Fulton engineers a seat in the Nebraska Legislature

Above: Sen. Fulton, his wife, Judy, and his son, Basil, pose before the Governor’s Inaugural Ball.

Sen. Tony Fulton was considering running for office himself when he was appointed last November to represent south Lincoln in the Nebraska Legislature. He replaced Sen. Mike Foley, who was elected State Auditor.

Fulton, an engineer by profession, said his background is helping him as a new senator.

“It’s helped me analyze bills, to break things down to their basic elements,” he said. “That’s what engineers do.”

But Fulton’s background includes much more than engineering. Halfway into his engineering degree at the University of Nebraska – Lincoln, he took two years off to intensively study philosophy through Kansas Newman University and theology at Mount St. Mary’s University, a private college in Maryland.

“It was a time in my life when I was looking for deeper meaning,” he said.

Fulton said this experience has enabled him to look at problems while considering different philosophies and world views. This broader perspective has served him well in his profession.

“It’s important not to ignore the liberal arts—it makes for better engineers,” Fulton said.

After graduating in 1997, Fulton worked in Lincoln as an engineering consultant and continues to do consulting work for international energy projects.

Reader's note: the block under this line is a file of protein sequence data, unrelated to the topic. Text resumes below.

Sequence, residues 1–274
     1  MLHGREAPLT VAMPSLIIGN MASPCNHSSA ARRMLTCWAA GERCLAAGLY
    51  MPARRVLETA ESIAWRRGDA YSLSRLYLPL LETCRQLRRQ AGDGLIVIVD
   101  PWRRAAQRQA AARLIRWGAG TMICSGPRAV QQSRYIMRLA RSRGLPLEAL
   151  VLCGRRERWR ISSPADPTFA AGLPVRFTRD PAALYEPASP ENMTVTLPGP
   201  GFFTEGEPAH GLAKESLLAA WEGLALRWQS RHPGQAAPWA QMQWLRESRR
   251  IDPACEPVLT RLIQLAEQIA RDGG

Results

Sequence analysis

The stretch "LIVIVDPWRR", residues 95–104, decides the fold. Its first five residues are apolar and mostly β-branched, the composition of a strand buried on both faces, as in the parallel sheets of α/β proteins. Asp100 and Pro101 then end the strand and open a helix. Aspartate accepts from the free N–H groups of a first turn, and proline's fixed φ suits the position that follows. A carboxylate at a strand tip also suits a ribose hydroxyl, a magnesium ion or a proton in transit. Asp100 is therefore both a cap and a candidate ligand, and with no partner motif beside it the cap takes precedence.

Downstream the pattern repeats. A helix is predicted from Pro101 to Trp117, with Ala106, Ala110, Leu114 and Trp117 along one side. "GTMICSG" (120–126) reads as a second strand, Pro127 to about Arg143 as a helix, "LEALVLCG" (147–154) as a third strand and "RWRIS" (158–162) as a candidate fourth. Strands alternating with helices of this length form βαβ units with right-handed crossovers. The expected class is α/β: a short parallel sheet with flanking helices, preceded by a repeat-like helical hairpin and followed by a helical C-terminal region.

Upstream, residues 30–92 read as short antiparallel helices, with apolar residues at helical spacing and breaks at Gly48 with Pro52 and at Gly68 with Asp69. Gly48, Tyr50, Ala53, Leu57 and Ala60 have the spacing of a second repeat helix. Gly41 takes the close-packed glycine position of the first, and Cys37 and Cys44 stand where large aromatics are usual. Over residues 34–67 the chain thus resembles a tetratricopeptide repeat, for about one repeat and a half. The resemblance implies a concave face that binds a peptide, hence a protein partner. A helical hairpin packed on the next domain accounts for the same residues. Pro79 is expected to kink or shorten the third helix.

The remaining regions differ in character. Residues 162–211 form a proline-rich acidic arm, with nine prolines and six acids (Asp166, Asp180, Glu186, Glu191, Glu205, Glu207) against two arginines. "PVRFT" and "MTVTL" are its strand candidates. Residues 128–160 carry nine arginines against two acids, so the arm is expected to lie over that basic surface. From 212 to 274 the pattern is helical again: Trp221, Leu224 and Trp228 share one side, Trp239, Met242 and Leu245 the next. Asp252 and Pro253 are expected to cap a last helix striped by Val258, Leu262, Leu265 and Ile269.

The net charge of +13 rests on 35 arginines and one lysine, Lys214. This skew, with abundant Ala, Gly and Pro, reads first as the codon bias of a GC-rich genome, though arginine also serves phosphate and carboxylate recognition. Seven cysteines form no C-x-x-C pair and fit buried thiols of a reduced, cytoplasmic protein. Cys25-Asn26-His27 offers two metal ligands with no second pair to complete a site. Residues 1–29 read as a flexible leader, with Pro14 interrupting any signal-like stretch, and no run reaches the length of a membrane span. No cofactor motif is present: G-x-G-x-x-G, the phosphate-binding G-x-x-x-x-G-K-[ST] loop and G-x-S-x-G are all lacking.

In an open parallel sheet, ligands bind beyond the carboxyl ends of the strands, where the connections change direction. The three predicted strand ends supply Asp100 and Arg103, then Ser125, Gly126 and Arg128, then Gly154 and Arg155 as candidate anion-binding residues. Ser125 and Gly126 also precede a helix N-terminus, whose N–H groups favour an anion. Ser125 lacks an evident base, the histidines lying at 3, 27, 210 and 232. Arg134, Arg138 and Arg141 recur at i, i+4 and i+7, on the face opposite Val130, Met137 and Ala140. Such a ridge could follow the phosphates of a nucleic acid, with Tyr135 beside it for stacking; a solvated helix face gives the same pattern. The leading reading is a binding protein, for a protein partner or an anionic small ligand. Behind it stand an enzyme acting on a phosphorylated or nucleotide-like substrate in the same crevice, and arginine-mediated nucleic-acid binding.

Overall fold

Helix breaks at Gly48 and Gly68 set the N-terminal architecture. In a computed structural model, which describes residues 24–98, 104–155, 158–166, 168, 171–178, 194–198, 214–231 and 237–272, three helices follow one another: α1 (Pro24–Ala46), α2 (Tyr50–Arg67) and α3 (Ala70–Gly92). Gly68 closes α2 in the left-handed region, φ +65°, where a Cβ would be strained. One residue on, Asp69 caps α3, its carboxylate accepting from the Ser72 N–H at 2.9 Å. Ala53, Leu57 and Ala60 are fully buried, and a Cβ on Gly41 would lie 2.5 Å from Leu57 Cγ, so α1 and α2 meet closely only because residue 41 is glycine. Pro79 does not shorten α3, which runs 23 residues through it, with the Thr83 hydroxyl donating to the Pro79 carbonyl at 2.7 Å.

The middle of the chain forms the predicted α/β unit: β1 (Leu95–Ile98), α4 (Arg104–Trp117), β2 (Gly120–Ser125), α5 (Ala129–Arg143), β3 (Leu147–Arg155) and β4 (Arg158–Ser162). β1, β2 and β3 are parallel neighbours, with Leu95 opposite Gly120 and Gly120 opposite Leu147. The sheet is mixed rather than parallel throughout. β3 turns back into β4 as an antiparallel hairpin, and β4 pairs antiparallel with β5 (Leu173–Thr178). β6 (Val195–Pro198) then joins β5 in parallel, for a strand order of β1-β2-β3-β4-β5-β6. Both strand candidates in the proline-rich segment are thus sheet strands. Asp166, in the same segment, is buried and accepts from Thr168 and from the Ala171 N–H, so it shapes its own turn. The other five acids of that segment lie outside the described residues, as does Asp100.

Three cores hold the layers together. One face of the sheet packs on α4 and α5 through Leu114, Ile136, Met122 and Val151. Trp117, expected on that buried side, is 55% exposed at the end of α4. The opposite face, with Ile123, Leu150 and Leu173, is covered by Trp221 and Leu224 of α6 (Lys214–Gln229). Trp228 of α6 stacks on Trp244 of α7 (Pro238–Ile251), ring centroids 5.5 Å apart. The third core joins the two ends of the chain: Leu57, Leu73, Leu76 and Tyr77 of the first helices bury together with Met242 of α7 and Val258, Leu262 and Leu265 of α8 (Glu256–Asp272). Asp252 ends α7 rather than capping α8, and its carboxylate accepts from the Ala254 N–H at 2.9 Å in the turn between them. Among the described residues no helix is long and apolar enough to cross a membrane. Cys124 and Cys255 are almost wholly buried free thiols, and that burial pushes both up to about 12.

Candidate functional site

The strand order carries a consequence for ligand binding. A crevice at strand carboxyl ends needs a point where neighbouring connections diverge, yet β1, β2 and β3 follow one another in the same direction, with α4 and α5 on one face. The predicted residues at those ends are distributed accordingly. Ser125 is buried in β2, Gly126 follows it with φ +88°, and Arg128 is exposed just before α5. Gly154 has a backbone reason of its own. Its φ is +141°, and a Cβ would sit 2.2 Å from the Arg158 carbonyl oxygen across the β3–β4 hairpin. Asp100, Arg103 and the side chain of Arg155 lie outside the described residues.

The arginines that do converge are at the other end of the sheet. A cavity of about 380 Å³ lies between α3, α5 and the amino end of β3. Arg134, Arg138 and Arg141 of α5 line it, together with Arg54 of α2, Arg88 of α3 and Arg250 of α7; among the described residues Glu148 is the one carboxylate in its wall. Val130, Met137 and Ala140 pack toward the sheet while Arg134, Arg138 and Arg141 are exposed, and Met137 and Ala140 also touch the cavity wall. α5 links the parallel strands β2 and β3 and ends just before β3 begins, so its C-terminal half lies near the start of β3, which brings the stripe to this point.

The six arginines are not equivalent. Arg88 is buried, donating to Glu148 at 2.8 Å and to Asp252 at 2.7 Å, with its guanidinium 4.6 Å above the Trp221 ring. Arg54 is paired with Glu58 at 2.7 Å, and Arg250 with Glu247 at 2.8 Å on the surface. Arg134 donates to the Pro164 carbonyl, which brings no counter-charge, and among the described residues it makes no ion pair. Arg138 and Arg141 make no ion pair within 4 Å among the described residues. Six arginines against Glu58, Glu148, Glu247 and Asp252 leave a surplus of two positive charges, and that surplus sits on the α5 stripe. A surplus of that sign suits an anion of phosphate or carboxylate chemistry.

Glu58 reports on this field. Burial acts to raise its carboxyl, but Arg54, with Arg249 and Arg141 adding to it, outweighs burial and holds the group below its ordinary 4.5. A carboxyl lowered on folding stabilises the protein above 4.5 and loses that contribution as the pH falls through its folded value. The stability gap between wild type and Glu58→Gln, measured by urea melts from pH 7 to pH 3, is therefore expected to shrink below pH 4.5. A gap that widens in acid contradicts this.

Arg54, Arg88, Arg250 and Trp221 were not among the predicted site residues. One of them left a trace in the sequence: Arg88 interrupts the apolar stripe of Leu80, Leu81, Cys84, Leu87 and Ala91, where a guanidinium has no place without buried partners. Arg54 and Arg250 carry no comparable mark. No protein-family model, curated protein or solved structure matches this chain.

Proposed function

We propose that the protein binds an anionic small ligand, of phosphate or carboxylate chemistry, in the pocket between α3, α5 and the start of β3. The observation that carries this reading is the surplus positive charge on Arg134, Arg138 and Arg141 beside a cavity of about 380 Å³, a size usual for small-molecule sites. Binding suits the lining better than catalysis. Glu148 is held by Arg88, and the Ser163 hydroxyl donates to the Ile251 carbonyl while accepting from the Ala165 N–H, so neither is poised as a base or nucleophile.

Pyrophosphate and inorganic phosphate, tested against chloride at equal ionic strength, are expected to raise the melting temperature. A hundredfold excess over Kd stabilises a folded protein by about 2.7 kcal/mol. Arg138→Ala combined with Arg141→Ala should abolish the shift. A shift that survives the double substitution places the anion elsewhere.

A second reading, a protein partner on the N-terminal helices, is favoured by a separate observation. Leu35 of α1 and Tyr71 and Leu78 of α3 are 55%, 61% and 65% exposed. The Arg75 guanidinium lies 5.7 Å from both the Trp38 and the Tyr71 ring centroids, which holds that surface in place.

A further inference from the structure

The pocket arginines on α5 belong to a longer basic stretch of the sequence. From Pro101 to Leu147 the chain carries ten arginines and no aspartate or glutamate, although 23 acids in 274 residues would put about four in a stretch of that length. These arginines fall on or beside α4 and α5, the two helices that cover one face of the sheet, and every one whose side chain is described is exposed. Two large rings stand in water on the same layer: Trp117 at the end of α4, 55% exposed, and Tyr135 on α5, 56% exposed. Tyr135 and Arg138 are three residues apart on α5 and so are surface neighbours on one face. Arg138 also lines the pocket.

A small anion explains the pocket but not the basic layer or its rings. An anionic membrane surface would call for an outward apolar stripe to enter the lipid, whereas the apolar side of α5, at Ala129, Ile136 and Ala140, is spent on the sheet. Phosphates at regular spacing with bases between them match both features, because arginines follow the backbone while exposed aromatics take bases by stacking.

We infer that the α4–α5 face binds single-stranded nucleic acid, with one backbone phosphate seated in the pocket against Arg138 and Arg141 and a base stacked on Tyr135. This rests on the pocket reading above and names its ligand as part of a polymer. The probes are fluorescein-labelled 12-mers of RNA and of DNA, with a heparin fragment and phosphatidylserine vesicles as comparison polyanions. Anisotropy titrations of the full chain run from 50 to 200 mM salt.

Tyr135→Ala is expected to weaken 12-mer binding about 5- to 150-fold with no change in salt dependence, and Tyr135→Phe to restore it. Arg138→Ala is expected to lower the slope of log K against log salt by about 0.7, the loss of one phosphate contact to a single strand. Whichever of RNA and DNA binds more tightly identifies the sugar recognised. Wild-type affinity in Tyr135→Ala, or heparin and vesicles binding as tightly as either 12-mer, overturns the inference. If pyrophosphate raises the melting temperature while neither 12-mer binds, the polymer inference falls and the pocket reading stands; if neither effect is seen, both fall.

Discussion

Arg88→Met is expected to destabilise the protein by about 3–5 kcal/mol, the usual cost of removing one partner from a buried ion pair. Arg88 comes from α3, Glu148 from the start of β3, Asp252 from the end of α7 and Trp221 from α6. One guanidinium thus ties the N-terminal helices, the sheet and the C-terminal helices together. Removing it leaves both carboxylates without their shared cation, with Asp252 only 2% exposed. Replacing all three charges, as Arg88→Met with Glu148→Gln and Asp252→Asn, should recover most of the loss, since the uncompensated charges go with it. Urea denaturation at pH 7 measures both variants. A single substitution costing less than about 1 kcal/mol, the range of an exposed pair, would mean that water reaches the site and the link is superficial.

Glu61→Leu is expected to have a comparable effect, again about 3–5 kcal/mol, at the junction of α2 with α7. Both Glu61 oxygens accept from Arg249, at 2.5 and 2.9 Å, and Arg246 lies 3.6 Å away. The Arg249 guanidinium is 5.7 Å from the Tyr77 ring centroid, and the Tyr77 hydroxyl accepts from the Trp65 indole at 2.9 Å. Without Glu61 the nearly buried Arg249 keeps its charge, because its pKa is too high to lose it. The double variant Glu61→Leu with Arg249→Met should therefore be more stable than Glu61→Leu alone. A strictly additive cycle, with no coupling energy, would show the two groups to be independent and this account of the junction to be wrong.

Somehow, Fulton still makes time to run his own homecare business. He is CEO of Guardian Angels Homecare, a business concept that started when he was a young boy growing up in Auburn, Nebraska.

“An older lady from church called my mom to ask if she could send someone over to help her. I was the oldest boy, so she sent me.”

Fulton began helping the older woman by cleaning her home and running errands. He was paid 50 cents per job and spent it on baseball and football cards.

“I bought the entire 1985 football set because it used to have gum in it. Several collectors have offered to buy it,” he said proudly.

That first client referred him to several of her friends who also needed a little help around the house. Years later, Fulton’s helpfulness has grown into a successful business.

“This has allowed me to do something entrepreneurial as a means to do good, to change the culture for the better. That’s deeply satisfying to me.”

Fulton named weight lifting as a hobby. While he does it now to maintain strength, he used to take it more seriously.

“I did body building for a couple of years,” he said.

In 1998, Fulton married Judy Vandewalle, a fellow student he met at church while attending UNL. Five children have followed: Thomas and Augustine, seven-year-old twins; Bede, 5; Bernadette, 3; and Basil, 3 months.

Each was named after Catholic saints who were scholars, Fulton explained, except for Bernadette.

“We just really liked that name,” he said.

What do his children think of his new post as senator?

“The day I was appointed, I picked them up from school to tell them. They wanted to know if this meant they could get access to see what was behind all the ‘secret doors’ in the Capitol building,” he said, grinning.

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